Personal happiness can often be measured in the difference between what was expected and what reality delivers. Stratigaki and her peers came of age as Greece seemed set to cement its place in the ranks of the world’s richest countries. The 2004 Summer Olympics were presented to the country and to the world as a coming out party for a nation that had long been seen as one of Western Europe’s stragglers. It didn’t last. The global financial crisis revealed deep corruption in the Greek economy and an unwillingness on the part of its fellow European states to continue to prop it up. Greece quickly turned from success story to pariah. Just when Greeks of Stratigaki’s cohort were looking to launch careers and start families, the floor fell away.

    Patsa makes ends meet working for her ­sister’s startup and with help from her fatherPhotograph by Finn TaylorPatsa makes ends meet working for her ­sister’s startup and with help from her father

    In Athens the crisis isn’t conspicuous. Family networks have kept the majority of the afflicted from landing on the streets. Empty storefronts are common, but so are cafes doing a brisk—if reduced—trade. Time has yet to work its fingers into the cracks and weaknesses of the city’s infrastructure. That said, it’s unusual to walk more than a few blocks in central Athens without encountering a knot of riot police, lounging on a street corner with their plastic shields and body armor. During the week of Stratigaki’s job interview, the trash collectors were on strike, leaving garbage piled around the bins. The local police, facing possible job cuts, were demonstrating, crisscrossing the city center in convoys of cars and motorcycles, sirens blaring.

    Stratigaki’s struggle to find stable employment has lasted more than half a decade. In high school she was the top student in her class. She studied social work at the Democritus University of Thrace in Northern Greece, finishing her studies in 2007. While there, she held down three jobs, waitressing, bartending, and tutoring to supplement what her parents were able to give her.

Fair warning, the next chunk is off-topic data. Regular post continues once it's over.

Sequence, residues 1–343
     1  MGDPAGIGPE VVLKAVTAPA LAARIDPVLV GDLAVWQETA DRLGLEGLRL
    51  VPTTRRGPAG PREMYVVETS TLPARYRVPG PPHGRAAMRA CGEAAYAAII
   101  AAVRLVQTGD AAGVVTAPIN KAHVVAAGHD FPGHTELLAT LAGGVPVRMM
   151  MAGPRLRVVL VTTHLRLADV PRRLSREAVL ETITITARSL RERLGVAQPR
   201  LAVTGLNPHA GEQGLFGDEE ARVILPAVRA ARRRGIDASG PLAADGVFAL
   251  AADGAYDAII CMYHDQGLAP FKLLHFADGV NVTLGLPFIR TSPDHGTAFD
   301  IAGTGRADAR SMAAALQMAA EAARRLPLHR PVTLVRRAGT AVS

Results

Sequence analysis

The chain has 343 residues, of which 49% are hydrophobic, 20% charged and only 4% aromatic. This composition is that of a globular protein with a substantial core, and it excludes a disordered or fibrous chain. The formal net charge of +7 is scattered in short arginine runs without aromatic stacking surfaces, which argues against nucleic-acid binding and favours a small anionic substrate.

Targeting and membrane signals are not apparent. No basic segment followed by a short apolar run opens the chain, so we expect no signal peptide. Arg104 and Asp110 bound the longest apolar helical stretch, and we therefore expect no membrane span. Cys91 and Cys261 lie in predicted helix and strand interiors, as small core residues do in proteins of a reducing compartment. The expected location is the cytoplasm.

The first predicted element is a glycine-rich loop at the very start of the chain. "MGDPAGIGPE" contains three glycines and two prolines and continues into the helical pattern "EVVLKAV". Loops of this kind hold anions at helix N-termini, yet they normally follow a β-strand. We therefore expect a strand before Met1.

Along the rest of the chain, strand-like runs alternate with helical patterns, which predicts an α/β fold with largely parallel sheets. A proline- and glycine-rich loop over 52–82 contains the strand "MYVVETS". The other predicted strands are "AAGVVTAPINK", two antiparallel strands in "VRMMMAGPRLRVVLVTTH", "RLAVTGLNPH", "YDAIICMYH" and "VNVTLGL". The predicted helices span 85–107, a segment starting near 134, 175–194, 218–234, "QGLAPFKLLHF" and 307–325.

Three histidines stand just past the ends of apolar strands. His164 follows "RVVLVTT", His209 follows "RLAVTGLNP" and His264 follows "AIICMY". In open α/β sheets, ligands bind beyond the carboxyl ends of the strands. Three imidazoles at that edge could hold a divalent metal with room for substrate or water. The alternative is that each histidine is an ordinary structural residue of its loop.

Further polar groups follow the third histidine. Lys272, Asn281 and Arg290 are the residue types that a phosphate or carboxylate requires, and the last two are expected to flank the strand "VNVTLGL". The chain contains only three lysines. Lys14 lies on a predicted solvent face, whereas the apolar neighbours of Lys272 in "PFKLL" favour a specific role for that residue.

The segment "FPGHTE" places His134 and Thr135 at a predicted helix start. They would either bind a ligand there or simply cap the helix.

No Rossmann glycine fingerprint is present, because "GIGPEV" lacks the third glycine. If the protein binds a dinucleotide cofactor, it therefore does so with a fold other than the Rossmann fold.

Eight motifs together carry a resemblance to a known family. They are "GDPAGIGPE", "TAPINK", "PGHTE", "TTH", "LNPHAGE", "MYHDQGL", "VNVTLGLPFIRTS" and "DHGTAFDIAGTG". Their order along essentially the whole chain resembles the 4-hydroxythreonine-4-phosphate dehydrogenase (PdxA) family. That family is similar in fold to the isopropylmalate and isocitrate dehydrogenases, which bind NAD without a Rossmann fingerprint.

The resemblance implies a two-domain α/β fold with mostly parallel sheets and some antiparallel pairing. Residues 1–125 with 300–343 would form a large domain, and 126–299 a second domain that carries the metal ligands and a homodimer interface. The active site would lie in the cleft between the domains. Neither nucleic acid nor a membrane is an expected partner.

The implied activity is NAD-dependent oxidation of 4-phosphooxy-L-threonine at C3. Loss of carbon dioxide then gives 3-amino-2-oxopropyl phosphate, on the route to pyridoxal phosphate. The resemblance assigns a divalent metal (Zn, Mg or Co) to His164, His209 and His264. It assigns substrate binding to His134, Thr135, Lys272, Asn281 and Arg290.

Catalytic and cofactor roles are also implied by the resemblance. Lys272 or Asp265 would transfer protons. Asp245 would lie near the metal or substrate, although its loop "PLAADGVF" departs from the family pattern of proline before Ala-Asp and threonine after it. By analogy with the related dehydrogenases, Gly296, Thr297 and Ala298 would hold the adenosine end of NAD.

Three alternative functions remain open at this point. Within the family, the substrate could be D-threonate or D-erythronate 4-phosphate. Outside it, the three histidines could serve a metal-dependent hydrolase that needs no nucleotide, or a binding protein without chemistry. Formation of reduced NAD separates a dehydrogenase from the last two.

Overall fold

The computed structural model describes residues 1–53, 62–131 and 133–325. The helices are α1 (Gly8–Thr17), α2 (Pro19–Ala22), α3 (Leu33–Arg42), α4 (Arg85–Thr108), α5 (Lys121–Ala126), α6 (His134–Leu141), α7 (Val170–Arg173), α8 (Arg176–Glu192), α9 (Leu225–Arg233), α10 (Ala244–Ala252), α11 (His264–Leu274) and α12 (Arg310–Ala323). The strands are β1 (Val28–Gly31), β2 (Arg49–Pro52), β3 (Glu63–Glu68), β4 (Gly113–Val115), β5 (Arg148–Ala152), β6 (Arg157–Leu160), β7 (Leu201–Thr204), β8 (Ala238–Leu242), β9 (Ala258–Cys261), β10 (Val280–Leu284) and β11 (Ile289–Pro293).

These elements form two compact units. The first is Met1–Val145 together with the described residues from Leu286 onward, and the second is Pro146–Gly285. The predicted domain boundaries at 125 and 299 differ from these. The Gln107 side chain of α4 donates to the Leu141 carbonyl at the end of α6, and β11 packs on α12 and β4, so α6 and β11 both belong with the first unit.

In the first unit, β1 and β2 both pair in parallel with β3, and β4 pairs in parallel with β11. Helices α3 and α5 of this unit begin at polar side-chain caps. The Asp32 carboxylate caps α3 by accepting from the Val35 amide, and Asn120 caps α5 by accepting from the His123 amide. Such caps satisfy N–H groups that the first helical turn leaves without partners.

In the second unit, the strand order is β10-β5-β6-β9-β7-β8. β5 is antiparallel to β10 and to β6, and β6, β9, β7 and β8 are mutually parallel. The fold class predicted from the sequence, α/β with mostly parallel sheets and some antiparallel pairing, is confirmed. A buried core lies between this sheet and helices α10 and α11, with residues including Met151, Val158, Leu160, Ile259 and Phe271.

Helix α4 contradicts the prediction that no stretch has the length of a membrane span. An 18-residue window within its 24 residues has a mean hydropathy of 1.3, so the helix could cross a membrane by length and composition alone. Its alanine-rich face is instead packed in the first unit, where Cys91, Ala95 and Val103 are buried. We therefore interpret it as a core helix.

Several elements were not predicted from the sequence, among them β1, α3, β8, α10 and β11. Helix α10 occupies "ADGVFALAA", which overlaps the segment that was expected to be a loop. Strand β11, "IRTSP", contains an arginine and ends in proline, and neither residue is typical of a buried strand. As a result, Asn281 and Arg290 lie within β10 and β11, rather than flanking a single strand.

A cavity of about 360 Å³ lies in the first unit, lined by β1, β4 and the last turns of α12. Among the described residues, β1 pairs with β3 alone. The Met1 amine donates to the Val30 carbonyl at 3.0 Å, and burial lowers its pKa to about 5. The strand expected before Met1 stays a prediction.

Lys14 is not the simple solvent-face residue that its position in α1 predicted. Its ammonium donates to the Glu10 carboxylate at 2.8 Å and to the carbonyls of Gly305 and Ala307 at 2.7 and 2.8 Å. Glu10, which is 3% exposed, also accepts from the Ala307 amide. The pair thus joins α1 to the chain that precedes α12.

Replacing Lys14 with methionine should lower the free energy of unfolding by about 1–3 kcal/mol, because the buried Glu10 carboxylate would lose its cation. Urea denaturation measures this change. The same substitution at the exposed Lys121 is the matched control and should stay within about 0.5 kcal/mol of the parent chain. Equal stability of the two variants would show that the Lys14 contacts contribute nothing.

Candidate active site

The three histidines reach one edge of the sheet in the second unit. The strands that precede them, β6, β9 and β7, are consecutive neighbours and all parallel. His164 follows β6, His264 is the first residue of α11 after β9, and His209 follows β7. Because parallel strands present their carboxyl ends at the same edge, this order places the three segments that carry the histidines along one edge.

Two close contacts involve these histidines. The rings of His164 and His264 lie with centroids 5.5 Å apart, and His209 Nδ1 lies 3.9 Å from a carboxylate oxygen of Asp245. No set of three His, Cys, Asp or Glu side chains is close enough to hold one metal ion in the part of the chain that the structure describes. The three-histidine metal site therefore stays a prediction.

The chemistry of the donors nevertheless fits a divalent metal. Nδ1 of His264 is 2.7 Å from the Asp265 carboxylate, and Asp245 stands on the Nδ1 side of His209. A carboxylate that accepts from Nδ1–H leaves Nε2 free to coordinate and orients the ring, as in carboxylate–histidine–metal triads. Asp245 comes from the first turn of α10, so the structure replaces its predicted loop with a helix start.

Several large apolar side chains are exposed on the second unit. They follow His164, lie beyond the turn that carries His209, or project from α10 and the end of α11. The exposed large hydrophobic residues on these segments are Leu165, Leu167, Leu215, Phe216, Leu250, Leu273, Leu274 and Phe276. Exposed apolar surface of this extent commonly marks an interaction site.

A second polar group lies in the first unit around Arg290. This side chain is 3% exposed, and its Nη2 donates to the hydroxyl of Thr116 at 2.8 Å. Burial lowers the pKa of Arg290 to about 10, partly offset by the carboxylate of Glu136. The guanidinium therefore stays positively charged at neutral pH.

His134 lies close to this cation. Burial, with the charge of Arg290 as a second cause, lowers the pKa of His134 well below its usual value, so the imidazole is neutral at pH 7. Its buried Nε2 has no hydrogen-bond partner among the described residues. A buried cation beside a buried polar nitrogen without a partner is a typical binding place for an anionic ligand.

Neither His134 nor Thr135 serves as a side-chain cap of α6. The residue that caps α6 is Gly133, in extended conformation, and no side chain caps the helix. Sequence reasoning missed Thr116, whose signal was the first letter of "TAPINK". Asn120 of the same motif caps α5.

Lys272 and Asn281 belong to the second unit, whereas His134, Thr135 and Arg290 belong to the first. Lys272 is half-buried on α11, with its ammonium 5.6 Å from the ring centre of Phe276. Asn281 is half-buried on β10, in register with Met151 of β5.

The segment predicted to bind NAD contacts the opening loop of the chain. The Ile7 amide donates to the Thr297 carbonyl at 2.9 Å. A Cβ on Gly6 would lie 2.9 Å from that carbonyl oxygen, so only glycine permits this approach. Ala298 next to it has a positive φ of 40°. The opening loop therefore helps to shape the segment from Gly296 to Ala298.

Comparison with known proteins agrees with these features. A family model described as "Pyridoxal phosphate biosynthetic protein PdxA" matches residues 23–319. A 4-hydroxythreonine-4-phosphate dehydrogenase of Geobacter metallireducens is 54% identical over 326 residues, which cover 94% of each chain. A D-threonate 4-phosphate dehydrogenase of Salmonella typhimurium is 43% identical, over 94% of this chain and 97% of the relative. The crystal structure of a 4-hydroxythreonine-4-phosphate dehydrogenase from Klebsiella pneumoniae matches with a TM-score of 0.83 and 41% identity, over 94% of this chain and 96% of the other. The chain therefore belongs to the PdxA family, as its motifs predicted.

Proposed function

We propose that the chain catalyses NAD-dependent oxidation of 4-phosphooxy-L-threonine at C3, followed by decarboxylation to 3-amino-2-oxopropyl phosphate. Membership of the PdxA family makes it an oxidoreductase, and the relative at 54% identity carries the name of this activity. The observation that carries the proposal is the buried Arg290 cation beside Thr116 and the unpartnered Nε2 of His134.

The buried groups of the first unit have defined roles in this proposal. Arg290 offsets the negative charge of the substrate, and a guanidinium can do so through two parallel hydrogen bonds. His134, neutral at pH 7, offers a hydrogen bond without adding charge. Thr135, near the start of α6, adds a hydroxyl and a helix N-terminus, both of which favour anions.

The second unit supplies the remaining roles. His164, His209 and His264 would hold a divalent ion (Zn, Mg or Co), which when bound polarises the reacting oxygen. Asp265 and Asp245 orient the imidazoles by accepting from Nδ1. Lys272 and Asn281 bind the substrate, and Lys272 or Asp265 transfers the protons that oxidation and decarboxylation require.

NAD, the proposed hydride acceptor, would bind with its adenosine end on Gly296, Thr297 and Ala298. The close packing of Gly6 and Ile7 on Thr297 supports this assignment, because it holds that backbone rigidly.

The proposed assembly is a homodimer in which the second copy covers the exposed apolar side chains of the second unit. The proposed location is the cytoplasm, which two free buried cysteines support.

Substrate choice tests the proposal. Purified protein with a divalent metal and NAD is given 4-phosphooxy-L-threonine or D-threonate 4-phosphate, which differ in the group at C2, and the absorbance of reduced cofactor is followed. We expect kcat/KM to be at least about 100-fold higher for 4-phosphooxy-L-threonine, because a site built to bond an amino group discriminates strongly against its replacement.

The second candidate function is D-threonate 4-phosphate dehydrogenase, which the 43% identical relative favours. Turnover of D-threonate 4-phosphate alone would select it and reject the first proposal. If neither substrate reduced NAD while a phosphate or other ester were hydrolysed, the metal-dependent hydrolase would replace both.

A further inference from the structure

Stratigaki’s first job after university was as a bank debt collector in Athens, calling people who owed money on loans or credit cards and haranguing them. She spent eight hours a day being cursed at and insulted; some of her co-workers turned to pills to fight depression. “It was the worst job I have ever done,” she says. Even so, Stratigaki excelled, bringing in payments with a calm and soothing sales pitch. In March 2009 she was finally offered a job in her field, and she leapt at the chance.

    Stratigaki was hired by the municipal government of an Athens suburb to help people find jobs and arrange appointments with counselors and psychologists for individuals and couples. The position was perfect except for one thing: She wasn’t getting paid. When she asked, her bosses would tell her that the funds for her position, which were to come from both the local government and the EU, were tied up in red tape.

    Desperate for the work experience, she stuck it out. She’d moved back in with her parents and worked nights tutoring students in ancient Greek and philosophy. After 13 months on the job she arrived at the office one day to find a letter telling her she was being fired. She hadn’t received payment for a single hour of work. “The crisis had begun,” she says. This time she was unemployed for more than a year.
    In June 2011 she was hired to answer phones at a travel agency, using her French and English to handle calls from abroad. She worked there for six months before finding another job in social work—this time in a government center, working with women and children who were homeless, unemployed, or victims of trafficking. That job, like many in Greece these days, was given to her on a one-year contract. When it expired at the beginning of 2013, it wasn’t renewed.

    Since then, Stratigaki has been out of work. She’s living on help from her parents, on her unemployment insurance, and on a partial payment of the money she says the municipality owes her, which she obtained after hiring a lawyer. Her mother has been unemployed since 2011, when she lost her government job. Her father is a clerk at a shipping company. Her brother, 25, studied nursing but works as a handyman, fixing air conditioners and installing car alarms and radios, pulling in about €200 a month.

    Shortly after her government contract expired, Stratigaki tried to go back to her job at the travel agency, but there were no positions available. “I feel horrible,” she says. “I sit with my computer, searching, searching, searching.”